Patient-specific total knee arthroplasty: the importance of planning by the surgeon
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The purpose of the study was to evaluate the accuracy of the planning of the patient-specific pin guides in total knee arthroplasty (TKA). This planning was performed primarily by a technician of the company and offered to the surgeon. All parameters of the implantation can either be modified or accepted by the surgeon. The hypothesis was that the plan needs preoperative intervention by the surgeon.
A prospective study in 50 patients was carried out. All patients received the same posterior-stabilised implant with patient-specific instrumentation. All surgical parameters (coronal, sagittal, rotational alignment, femoral and tibial resection levels and implant sizes) were checked by the orthopaedic surgeon and changed if necessary.
Preoperatively, the femoral size was changed in 8 patients (16 %), the femoral flexion in 23 patients (46 %), the femoral shift in 34 patients (68 %), the tibial size in 24 patients (48 %) and the tibial rotation in all patients. The epicondylar axis was accepted in 47 patients (94 %) in the technician plan. Mean planning time was 8 ± 4 min. Intraoperatively, the femoral anterior–posterior size was in 50 patients (100 %) the same as in the surgeon and in 42 patients (84 %) the same as in the technician plan (p = 0.003). The tibial component implanted was in 42 patients (84 %) the same as in the surgeon and in 19 patients (38 %) the same as in the technician plan (p < 0.0001). A femoral distal recut was necessary in 31 patients (62 %) and a change of the tibial proximal cut in 17 patients (34 %) during surgery. Intraoperatively, no changes of the femoral and tibial alignment, the femoral anterior–posterior size, the femoral flexion, the femoral shift, the femoral and tibial rotation were necessary. Postoperatively, the coronal mechanical overall axis was within ±3° in 47 patients (94 %) with a maximum deviation of 5.6°.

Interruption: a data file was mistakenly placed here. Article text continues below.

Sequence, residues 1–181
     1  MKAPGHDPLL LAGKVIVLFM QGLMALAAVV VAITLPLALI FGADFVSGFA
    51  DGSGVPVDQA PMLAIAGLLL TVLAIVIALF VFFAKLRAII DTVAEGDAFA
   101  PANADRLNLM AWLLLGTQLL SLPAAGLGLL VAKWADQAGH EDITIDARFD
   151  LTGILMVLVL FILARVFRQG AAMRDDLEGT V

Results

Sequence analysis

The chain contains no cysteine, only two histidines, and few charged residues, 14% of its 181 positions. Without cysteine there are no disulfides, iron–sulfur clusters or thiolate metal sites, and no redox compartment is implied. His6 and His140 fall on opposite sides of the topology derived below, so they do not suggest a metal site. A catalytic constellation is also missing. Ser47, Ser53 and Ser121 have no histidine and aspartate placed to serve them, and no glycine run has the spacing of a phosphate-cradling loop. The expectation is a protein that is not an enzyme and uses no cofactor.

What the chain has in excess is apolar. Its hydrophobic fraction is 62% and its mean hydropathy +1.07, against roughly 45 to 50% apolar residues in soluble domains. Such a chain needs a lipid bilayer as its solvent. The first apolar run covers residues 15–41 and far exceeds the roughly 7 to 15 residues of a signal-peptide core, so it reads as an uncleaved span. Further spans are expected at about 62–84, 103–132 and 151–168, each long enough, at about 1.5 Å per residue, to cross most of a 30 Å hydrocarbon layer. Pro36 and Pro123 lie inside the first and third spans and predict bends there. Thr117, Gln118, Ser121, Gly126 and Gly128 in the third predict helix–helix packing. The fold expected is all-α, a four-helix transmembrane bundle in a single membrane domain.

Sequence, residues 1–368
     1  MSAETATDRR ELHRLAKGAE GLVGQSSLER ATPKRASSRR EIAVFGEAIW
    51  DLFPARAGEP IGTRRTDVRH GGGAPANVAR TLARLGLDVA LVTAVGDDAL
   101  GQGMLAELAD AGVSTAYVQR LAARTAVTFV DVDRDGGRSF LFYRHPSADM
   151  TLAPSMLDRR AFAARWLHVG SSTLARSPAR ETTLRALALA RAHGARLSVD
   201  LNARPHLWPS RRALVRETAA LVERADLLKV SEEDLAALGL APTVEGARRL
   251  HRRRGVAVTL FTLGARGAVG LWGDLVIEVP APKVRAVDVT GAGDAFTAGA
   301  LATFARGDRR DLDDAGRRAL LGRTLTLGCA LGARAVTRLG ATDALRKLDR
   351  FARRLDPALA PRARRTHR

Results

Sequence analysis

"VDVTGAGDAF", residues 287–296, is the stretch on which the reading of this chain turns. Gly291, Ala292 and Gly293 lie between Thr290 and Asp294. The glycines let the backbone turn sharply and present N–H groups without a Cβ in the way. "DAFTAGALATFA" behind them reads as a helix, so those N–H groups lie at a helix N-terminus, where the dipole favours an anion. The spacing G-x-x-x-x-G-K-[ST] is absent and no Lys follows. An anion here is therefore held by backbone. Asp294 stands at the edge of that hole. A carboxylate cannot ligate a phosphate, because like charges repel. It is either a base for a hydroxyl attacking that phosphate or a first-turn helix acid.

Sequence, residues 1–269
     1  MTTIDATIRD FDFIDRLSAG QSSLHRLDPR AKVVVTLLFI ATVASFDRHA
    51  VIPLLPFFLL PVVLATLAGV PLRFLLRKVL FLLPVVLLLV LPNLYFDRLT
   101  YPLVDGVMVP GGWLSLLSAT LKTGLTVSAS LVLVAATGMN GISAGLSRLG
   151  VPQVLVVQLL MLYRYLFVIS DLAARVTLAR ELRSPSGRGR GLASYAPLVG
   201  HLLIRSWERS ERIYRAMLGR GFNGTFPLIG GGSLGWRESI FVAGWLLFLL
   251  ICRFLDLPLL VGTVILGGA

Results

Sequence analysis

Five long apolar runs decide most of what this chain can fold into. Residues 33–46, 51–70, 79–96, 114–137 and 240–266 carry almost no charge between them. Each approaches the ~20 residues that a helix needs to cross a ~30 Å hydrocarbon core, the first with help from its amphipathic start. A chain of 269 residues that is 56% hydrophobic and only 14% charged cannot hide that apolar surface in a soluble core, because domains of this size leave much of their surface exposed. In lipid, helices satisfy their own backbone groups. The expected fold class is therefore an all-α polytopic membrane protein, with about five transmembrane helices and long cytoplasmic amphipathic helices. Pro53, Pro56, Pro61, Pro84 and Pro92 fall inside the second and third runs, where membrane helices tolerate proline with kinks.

Significant changes of the technician plan were necessary to get an accurate preoperative plan. Intraoperative changes were significant less compared to the surgeon than to the technician plan. No major changes (alignment, femoral anterior–posterior size and rotation) of the surgeon plan were necessary. Surgeons using patient-specific pin guides in TKA may verify the default plan provided by the technician. A blind reply on the technician plan may be not recommended.
Level of evidence
Therapeutic study, Level III.
KeywordsPatient-specific instruments Custom-fit Total knee arthroplasty
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